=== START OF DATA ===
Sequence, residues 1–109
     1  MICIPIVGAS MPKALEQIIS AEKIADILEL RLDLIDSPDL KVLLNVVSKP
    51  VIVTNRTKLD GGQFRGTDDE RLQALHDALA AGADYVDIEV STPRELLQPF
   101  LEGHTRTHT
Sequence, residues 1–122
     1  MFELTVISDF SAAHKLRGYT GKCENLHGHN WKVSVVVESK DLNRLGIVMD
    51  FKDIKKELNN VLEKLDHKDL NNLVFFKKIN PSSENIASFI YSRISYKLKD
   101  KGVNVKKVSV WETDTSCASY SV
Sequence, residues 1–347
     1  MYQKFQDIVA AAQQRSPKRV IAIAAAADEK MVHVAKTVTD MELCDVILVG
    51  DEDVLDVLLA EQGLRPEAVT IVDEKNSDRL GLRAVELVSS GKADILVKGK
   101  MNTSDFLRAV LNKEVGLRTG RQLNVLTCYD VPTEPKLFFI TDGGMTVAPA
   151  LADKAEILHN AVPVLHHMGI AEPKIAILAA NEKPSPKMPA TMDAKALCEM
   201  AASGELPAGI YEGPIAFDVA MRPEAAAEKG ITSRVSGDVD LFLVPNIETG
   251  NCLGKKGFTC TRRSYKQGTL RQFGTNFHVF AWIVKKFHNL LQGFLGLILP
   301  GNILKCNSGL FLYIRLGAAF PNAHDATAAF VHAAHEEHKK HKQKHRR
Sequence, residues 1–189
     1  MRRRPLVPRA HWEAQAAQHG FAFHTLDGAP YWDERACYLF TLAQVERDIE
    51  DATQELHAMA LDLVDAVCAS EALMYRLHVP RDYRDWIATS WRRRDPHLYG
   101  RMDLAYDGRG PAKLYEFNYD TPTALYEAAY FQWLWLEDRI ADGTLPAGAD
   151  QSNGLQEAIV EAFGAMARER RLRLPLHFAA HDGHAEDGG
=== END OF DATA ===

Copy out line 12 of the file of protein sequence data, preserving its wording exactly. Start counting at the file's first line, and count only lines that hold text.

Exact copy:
   101  MNTSDFLRAV LNKEVGLRTG RQLNVLTCYD VPTEPKLFFI TDGGMTVAPA